Senior commanders and their wives remain surrounded by their staff officers and cronies. They make no effort to walk up to the juniors to exchange pleasantries. At times one gets an impression that the senior brass considers it below their dignity to mix with subordinate officers.
However, it is equally important that they carry their rank with due dignity and composure. They should neither carry them to ridiculous limits nor flaunt them in an unbecoming manner. Increasing arrogance of seniority is clearly discernible in stratification of social events and indiscriminate flaunting of flags and stars, as discussed below.
Social Discrimination
There was a time when senior officers and their wives made use of social occasions to interact with junior officers and their wives to get a feel of their morale and establish informal rapport with them. On the other hand, junior officers and their wives learnt a great deal by watching the way the senior officers and their wives conducted themselves. Thus, social functions were considered to be excellent occasions to build cohesion in an informal manner. Additionally, military norms, ethics and values were passed on to the new-inductees.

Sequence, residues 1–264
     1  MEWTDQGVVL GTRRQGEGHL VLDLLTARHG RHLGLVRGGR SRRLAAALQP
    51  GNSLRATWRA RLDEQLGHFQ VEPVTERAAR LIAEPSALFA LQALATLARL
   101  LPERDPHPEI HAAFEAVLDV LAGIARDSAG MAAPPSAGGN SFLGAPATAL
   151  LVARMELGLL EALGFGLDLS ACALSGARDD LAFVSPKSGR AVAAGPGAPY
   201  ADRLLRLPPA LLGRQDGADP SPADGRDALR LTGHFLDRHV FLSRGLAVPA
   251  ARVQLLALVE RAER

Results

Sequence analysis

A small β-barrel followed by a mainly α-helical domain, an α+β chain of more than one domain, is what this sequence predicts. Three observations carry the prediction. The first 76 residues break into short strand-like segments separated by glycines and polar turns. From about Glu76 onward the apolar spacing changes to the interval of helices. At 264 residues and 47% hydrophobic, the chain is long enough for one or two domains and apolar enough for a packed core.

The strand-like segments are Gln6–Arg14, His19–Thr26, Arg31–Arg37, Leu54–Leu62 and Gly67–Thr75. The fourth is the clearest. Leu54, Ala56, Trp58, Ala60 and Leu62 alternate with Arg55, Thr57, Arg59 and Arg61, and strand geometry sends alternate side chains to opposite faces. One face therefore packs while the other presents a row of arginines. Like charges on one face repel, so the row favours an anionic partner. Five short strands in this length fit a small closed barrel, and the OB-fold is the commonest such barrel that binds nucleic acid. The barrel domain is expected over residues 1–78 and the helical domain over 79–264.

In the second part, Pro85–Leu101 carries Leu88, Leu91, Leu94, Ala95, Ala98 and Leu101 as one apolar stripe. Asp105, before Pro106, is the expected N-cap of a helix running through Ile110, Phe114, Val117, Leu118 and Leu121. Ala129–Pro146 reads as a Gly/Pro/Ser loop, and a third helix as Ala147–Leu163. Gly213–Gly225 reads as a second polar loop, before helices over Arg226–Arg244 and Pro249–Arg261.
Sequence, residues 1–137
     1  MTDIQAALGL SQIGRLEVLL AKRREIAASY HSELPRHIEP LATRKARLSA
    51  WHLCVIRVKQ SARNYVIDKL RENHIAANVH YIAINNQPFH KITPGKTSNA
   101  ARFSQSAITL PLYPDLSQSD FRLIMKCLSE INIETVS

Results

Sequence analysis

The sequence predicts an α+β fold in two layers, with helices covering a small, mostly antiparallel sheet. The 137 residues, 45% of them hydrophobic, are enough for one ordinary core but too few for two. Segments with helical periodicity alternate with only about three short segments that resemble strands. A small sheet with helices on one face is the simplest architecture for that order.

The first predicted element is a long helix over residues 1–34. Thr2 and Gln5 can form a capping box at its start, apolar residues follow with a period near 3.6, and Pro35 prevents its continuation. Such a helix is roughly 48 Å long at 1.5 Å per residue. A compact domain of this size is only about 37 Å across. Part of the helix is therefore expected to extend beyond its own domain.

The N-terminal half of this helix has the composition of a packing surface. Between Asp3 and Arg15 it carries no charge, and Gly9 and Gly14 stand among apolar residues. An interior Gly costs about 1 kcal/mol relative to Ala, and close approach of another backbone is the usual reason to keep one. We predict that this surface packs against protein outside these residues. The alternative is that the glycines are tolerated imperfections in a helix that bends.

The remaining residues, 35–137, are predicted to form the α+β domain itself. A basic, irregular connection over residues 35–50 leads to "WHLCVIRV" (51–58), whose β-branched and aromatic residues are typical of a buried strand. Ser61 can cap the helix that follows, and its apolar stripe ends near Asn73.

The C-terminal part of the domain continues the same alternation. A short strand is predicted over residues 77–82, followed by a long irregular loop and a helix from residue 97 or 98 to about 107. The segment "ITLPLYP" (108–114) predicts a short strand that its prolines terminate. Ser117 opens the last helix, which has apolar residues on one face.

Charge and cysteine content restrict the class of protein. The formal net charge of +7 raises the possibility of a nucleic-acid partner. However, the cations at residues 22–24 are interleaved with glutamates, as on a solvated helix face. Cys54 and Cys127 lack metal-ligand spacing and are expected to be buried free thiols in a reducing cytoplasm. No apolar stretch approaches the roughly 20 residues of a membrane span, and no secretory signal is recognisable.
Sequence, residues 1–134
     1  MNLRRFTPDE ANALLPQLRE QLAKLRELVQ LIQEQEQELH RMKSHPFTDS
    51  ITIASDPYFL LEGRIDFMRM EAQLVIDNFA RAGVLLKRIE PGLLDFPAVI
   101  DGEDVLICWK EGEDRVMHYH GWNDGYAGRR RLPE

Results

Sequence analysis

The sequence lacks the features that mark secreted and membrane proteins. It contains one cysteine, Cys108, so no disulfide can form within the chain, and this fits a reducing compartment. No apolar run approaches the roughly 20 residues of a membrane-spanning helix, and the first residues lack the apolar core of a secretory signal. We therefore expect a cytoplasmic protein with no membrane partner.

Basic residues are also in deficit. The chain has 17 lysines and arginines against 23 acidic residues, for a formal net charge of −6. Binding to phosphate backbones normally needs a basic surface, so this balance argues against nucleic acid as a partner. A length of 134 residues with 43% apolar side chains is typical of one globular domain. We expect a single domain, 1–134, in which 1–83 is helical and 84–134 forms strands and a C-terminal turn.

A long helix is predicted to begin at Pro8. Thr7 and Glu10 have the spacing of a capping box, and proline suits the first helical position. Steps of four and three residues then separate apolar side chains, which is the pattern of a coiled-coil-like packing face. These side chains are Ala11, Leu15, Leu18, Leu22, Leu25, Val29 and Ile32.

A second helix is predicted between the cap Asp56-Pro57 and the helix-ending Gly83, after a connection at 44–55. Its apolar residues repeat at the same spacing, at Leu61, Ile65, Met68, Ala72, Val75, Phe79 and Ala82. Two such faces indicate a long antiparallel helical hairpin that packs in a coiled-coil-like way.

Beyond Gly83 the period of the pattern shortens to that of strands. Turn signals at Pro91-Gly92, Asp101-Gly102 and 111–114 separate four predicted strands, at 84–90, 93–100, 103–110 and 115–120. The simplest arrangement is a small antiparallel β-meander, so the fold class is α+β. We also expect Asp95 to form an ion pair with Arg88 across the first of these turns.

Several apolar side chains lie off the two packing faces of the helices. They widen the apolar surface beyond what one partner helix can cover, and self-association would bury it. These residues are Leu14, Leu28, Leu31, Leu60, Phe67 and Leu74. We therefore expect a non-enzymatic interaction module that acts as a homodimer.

Unfortunately, social functions have become highly stratified events. There is no interaction between the seniors and the juniors. Separate areas are earmarked for them. Exclusive seating for VIPs has become a standard practice. Senior commanders and their wives remain surrounded by their staff officers and cronies. They make no effort to walk up to the juniors to exchange pleasantries. At times one gets an impression that the senior brass considers it below their dignity to mix with subordinate officers.
There are three reasons for this obsession for exclusivity. One, senior officers get special treatment in terms of quality of liquor and food. Two, they get hospitality free whereas they should be paying for their drinks and food like the other officers. Finally, the current top brass is so self-seeking that it has no concern for others’ sensitivities and social niceties.
Earlier, all guests were treated at par and served the same food and drinks, irrespective of their rank. The only privilege that a senior officer enjoyed was that he was served his drink by the waiter and did not have to walk up to the bar like others. Today, not only the type of whisky but also the goblet – crystal for seniors and Borosil for others – are rank based.
Today, not only the type of whisky but also the goblet – crystal for seniors and Borosil for others – are rank based.
A few months ago, an Air Force Station had organised a social evening after an event and invited a large number of officers from the services. Prior to the serving of dinner, an announcement was made requesting all officers of one-star rank and their wives to have dinner in the hall while the others were asked to move to the tents on the side. It was such an insulting move that many officers and their wives walked out without dinner. One fails to understand how such petty mindedness has crept in the services’ culture. If a Brigadier or a General has dinner along with others, will it lower his dignity?